The Federal Government has stressed the need for synergy in tackling current security challenges across the country.
It has also emphasised the need to provide basic amenities for citizens at sub-national levels, declaring that the gesture would play a key role in reducing insecurity.
The Secretary to the Government of the Federation (SGF), Mr Boss Mustapha, in a speech at the third Quarterly Meeting of Secretaries to State Governments (SSGs), in Abuja on Thursday, also underscored the need for synergy among security agencies.
The theme for the meeting was “The Role of Secretaries to the State Governments in Strengthening Sub-National Level Security Architecture”.
According to Mustapha, the theme underscored the need for the security agencies to share their thoughts with the forum and thereby highlight critical areas in which they can provide the necessary support and facilitation for the strategies.
He said: “Nigeria has been confronted with an inexplicable escalation of violence resulting in insecurity across the nation.
“I will not want to bother you with the details of these forms of criminality, but it is good to add that it not only serves as a drain to our national resources but creates a climate of uncertainty and challenges the ability of the nation to provide a convivial atmosphere for its citizens to go about their everyday normal businesses.
“Governments at all levels have been doing their utmost best to address these challenges. However, its persistence calls for approaches that are more than conventional and normal.
“We need to involve all arms of government, all apparatus of government and most importantly, those that have a relationship directly with the rural communities and the citizenry.
“It is, therefore, in line with the commitment of President Muhammadu Buhari, with support from all the State Governors, that this forum should bring to bear its coordinating and monitoring role at all levels for a holistic approach to a resolution of these problems.
“To enable us to learn from a practical experience of dealing with the issue of banditry, we have requested one of our members to share with us so that others with similar experiences can also exchange notes and by the end of the day we leave with practical steps and strategies to curtail this menace.
“We all know that these criminal elements have turned our hitherto pristine Forest Reserves into an operational base and hide-out from which most of their activities are launched and sustained.
“Of course, we will still need our forests and other protected areas for the services they provide, especially as foreign exchange-earners, sources of job creation, guaranteeing the availability of soil nutrients and water for food security.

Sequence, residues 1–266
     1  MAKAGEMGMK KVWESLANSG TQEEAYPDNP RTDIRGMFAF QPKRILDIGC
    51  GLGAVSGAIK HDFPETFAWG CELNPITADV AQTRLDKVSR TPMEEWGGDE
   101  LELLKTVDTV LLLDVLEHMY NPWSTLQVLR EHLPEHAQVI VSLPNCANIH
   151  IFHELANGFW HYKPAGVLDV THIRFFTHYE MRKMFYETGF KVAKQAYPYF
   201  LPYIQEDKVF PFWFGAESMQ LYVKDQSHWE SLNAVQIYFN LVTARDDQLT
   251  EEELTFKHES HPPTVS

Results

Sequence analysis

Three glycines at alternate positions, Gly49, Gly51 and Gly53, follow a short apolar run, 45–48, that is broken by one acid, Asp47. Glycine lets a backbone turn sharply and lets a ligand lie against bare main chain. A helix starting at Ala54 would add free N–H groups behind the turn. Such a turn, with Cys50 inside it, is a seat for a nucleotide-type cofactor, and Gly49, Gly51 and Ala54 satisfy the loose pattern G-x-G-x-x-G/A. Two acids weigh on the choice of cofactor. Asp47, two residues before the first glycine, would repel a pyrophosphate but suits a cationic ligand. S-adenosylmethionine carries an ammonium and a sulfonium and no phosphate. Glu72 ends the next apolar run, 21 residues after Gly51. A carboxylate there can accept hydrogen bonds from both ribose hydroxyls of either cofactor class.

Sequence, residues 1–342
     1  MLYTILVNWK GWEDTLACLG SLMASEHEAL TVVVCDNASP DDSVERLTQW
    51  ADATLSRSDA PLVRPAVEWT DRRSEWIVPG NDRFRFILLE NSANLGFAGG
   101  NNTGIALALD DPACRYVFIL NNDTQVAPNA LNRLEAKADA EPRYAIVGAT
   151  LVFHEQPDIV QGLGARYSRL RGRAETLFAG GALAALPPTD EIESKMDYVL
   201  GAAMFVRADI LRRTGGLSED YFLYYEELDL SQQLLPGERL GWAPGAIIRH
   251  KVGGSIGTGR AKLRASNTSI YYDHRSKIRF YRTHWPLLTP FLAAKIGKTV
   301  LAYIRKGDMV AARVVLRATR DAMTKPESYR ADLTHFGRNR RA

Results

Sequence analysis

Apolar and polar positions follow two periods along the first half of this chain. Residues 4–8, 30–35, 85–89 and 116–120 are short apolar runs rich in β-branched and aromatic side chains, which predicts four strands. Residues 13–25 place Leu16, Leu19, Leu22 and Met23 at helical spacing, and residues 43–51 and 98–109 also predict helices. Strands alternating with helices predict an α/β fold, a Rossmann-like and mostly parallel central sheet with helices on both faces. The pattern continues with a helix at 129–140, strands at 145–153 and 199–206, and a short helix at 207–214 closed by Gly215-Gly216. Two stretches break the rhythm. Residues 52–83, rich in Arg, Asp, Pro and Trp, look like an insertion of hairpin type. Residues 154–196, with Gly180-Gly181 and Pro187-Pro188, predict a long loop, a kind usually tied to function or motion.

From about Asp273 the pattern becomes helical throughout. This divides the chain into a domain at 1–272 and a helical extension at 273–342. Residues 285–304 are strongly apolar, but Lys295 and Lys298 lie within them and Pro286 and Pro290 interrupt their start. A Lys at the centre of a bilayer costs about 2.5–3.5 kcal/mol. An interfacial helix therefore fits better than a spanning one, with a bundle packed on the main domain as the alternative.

“They also serve as carbon sinks for addressing climate change and providing a clement environment for healthy living,” he explained.
The SGF noted that the challenge was for governments at the state level to put in place processes and mechanisms that were hitherto operational for maintaining sustainably managed forests, like all forests in the country belonged to state governments.
Mustapha said that the Federal Government would continue to strengthen the National parks Service to ensure that all the previous seven National parks and the 10 new ones created remain inviolate for use by criminal elements.
He called on the Forestry Association of Nigeria to also mobilise the forestry profession in proffering contemporary and timely recommendations for consideration by the government at various state levels consistent with the status of ownership of these forest reserves.
In his remarks, the National Security Adviser (NSA), retired Maj. Gen Babagana Monguno called on the SSGs to see security as everyone’s business and work toward mobilising everyone to participate in the efforts to tackle the challenge.
“The fight to end an insurgency is a fight for everyone, no one should be left out.
“We need to complement each other to put an end to security challenges in the country.
“The success rate in the fight against banditry will be higher if everyone takes it seriously. It shouldn’t be left for the government alone,” he explained.
Monguno urged them to develop a robust internal framework that would involve all critical stakeholders, most especially the traditional and religious leaders, to complement the work of the security agencies in their states.
The Inspector-General of Police, Mohammed Adamu, said that the Federal Government had developed strategies to deal with issues of insecurity, but regretted that the strategies were yet to get the maximum cooperation from the states governments.
Adamu said that the Federal government had realised that policing should come from the grassroots and there was a need for the SSGs to be coordinators.
In her address, Minister of Humanitarian Affairs, Disaster Management and Social Development, Hajiya Umar Farouq, said that the ministry was working out strategies toward effective implementation of the National Social Investment Programme (NSIP) in all States.
“The SSGs will be the heads of this new arrangement. Already, Mr President has approved the engagement of a National Coordinator of the NSIP who has already reported to duty. Further details will be made available to this Forum,” she said.